Increasing wages driving investors out of Batam Island
The Jakarta Post
Unpredictably rising wages in Batam, Riau Islands, have driven some foreign investors to relocate their factory operations out of the region, citing high production costs.
One of the companies, Japan-based micro-motor producer PT Nidec Seimitsu Batam (NSB), has officially relocated their production factory from Batam to Vietnam, laying off 500 workers in the process as of Tuesday.
Batam City Manpower Agency head Zarefriadi said that NSB had reported its plan to terminate 500 workers last month, and ultimately carried out their plans after month-long negotiations on workers' rights went stale.
Zarefriadi confirmed that NSB's decision to relocate to Vietnam was spurred by rising production costs, including rising wages in Batam.
'Aside from NSB, several other foreign firms will likely make the same decision, but no announcement can be made yet as nothing has been confirmed,' Zarefriadi told The Jakarta Post on Monday.
According to his files, NSB is the first company to lay off workers due to wages in 2014. Last year, Japanese electronic manufacturing company PT Sun Creation Indonesia (SCI) closed its production factory in Batam and also relocated to Vietnam under similar circumstances, laying off 1000 workers in the process.
Japan is the sixth-largest contributor to foreign investment to Batam, with 15 companies operating in the region with total investment amounting to US$128.8 million. Singapore remains the largest contributor, followed by Malaysia, Taiwan, South Korea and Australia.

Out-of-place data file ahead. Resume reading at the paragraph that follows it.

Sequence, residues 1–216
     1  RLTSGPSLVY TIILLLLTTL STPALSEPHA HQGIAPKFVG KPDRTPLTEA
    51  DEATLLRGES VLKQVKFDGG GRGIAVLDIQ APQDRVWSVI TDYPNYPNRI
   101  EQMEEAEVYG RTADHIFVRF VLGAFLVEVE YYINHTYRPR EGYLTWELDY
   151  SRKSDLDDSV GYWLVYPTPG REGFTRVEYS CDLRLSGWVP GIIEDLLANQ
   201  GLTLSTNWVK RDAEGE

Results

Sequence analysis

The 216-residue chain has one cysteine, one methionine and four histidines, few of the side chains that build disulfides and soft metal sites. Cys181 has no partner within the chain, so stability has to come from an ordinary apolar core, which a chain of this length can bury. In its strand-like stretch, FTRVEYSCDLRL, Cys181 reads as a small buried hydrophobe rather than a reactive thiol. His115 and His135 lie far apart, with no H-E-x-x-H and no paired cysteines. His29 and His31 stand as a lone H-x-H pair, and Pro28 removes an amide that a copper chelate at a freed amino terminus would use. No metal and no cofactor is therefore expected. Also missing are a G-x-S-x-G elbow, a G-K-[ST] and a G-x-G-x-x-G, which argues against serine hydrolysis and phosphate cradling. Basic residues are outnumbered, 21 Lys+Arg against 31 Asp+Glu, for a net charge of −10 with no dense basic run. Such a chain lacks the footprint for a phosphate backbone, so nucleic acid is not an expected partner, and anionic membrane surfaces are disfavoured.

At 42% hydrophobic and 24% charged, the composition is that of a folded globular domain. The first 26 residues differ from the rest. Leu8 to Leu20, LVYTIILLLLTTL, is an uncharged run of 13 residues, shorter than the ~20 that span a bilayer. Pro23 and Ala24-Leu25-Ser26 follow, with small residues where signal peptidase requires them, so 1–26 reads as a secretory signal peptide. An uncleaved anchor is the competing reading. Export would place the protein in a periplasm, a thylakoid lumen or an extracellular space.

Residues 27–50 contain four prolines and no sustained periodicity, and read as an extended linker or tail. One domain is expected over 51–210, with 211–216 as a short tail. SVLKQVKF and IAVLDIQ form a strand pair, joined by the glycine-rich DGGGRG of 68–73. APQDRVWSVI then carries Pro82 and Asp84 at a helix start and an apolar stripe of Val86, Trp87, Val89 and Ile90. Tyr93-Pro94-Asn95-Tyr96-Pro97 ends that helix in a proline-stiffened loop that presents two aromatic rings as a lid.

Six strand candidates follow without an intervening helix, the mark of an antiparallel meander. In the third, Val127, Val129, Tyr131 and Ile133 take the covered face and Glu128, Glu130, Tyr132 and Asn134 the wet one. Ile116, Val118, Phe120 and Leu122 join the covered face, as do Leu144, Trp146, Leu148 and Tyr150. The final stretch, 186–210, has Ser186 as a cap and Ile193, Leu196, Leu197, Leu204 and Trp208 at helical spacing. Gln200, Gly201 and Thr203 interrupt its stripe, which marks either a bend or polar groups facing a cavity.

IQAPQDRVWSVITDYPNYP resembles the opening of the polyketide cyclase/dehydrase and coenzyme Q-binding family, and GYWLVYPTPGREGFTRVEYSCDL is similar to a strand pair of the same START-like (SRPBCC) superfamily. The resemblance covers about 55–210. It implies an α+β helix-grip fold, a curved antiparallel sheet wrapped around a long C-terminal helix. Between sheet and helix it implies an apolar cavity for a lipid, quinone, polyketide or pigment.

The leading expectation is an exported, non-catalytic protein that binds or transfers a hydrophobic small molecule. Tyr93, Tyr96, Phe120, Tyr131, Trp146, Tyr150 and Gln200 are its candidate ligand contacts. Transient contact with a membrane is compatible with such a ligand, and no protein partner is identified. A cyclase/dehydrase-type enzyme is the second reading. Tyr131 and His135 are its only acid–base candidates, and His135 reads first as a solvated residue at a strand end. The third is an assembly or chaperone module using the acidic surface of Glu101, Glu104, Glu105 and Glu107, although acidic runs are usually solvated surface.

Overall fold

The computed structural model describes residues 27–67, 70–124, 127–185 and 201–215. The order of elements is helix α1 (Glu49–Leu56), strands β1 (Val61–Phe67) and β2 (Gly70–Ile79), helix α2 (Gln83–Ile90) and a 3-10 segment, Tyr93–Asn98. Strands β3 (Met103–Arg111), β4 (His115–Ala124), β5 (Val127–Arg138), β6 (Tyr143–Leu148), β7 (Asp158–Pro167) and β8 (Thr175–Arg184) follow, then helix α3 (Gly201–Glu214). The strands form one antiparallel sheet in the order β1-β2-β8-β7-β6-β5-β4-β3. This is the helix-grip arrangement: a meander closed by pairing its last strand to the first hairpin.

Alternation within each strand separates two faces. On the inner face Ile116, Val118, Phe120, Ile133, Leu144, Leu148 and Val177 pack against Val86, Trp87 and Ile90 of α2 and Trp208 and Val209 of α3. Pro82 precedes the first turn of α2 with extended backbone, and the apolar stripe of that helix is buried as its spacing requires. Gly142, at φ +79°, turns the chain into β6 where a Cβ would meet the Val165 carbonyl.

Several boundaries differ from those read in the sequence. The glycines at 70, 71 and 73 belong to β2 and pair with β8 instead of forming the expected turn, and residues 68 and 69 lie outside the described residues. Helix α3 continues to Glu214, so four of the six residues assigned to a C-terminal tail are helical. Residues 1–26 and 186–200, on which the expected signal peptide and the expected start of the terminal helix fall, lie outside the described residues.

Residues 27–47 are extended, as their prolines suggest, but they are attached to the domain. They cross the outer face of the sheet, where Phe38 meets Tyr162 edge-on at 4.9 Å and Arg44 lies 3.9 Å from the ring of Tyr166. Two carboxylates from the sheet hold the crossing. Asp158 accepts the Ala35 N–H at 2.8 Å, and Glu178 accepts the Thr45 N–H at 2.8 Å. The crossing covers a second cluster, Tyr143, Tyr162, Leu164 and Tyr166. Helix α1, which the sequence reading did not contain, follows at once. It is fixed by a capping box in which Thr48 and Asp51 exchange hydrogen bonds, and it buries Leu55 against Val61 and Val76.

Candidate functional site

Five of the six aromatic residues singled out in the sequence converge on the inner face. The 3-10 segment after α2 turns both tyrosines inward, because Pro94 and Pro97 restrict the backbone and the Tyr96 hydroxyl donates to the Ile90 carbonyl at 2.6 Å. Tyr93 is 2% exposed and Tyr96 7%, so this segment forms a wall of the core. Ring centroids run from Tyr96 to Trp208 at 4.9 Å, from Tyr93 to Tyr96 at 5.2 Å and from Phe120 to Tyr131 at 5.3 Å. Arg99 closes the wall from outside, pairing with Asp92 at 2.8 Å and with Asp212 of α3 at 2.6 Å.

The current minimum wage in Indonesia stands at Rp 2.42 million ($209.3), which is almost 20 percent higher than 2013's rate of
Rp 2,04 million.
PT Nidec Seimitsu Batam produces motors for electronic devices. The company used to be named PT Sanyo Precision Batam before it was taken over by Nidec.
Ground observations made by the Post at the deserted Nidec factory site in the Batamindo Industrial Zone, the largest industrial zone in the region, confirmed that the doors of the factory had been sealed shut and was showing no signs of activity.
Despite the shutdown, the Investment Coordinating Board (BKPM) at the Batam Free Trade Zone said that it had yet to receive any reports on the shutdown by NSB.
Chairman of the Indonesian Metal Workers Union (FSPMI) Batam Suprapto suggested that the relocation of foreign investors from Batam was likely caused by tax regulation problems rather than increasing wages.
'I don't think wages are the problem for foreign investors in Batam. This is most likely happening because of tax regulations,' Suprapto said.
Meanwhile, head of the Korean Businesspeople Association in Batam, Sonia Kong, said several Korean companies that had invested in Batam in the last five years had come and gone. Currently, there are 23 Korean companies operating in the region compared to the 40 in 2009.
'Seventeen companies have already relocated since 2009, and there seems to be one closure every year. There are many problems behind this, such as the increase in wages, which could hit up to 43 percent in a single period. Workers' wages are relatively low here, but the cost of living is high,' Sonia said.
'We understand wages need to be increased. Gradually, not drastically like what we've been seeing,' she added. (dyl)
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